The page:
At the old house I've had painters refuse to go back in after being shaken off ladders. I think they were trying to do a quick lick rather than a decent job and Maisie didn't like it. It often sounded like people were walking up and down the hall way in that house but the house was so nice and warm and friendly and I was never shaken off a ladder when painting myself. The only time it got really scary was when an answering machine which wasn't plugged into anything, telephone lines or power, started recording things. No I wasn't drinking at the time but Tash and I certainly raced for a bottle of something after that event, coming as it did days after our best friend died. I've still got the tape, but have no idea what was on it as it is just a mess of noise.

So this is the tale of my house and my old house, Maisie's house and Mrs Robert's house.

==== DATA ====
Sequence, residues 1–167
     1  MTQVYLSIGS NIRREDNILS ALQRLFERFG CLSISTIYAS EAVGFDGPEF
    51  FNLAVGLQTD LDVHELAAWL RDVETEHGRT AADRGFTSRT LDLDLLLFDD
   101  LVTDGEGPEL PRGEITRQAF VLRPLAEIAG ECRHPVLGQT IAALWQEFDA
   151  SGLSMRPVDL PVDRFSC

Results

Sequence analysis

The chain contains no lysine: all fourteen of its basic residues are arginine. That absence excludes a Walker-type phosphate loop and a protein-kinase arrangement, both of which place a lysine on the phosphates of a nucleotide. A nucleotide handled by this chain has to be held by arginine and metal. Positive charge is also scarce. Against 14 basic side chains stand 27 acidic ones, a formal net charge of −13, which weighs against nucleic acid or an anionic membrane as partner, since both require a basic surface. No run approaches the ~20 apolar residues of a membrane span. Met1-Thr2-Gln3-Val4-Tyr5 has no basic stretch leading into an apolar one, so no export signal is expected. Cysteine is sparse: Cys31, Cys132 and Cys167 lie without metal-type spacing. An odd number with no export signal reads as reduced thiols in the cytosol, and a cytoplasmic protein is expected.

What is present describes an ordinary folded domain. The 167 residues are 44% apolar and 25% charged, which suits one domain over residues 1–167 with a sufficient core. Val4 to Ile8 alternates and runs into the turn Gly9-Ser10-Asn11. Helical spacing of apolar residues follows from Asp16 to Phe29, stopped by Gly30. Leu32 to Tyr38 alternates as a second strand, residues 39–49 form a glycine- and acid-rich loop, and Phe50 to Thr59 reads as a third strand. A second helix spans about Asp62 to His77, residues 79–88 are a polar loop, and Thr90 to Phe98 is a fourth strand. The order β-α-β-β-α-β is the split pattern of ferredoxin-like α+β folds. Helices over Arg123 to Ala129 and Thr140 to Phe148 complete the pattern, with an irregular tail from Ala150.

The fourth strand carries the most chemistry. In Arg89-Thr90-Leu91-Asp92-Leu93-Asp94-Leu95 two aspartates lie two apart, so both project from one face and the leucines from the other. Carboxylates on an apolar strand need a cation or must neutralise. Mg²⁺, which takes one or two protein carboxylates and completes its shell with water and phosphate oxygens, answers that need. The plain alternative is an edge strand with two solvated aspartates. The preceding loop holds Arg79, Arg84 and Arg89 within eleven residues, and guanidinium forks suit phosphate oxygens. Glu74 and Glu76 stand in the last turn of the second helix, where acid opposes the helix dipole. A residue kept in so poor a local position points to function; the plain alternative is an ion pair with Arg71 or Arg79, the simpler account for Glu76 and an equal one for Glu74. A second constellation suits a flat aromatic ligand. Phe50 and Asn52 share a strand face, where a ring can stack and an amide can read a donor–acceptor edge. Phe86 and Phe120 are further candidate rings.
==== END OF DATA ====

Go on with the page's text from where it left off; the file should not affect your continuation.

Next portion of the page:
The photos are all from Mrs Robert's house, and this bottom one is what people see above the front door when they walk in the gate: Two old goats skulls, the perfect remedy to scare religious nutters away.

Thursday, July 17, 2008

happy sad week

As the last post pointed out, this is the season for anniversaries.
I had a birthday, a blog birthday, a wedding anniversary and this week marked the 10th anniversary of the death of my best mate whose was Foatboy's godfather, though the jury is out on whether he did renounced the devil or not.
So it has been a strange week all round.
I wrote a long post about what he was, what he meant to me, how he drove me fucking insane at times. But in the end he is-was more than mere words on a page floating around the internet so I hit delete.
Instead I'll show you the clock that moved into the house this week, a circa 1850s American oak long case clock.
If Murray had managed to avoid his black dog this clock would be one of the things I'd be catching him trying to drag out of the house during one of his ever revolving moving in and moving outs.
We worked out one drunken night that the two of us were real family, how else could you account for the fact that we moved in and out of each other's houses, nursed each other during romantic disasters and illnesses and still loved each other madly.

Next post there will be some stitching action, including Squidy, the crochet cat toy.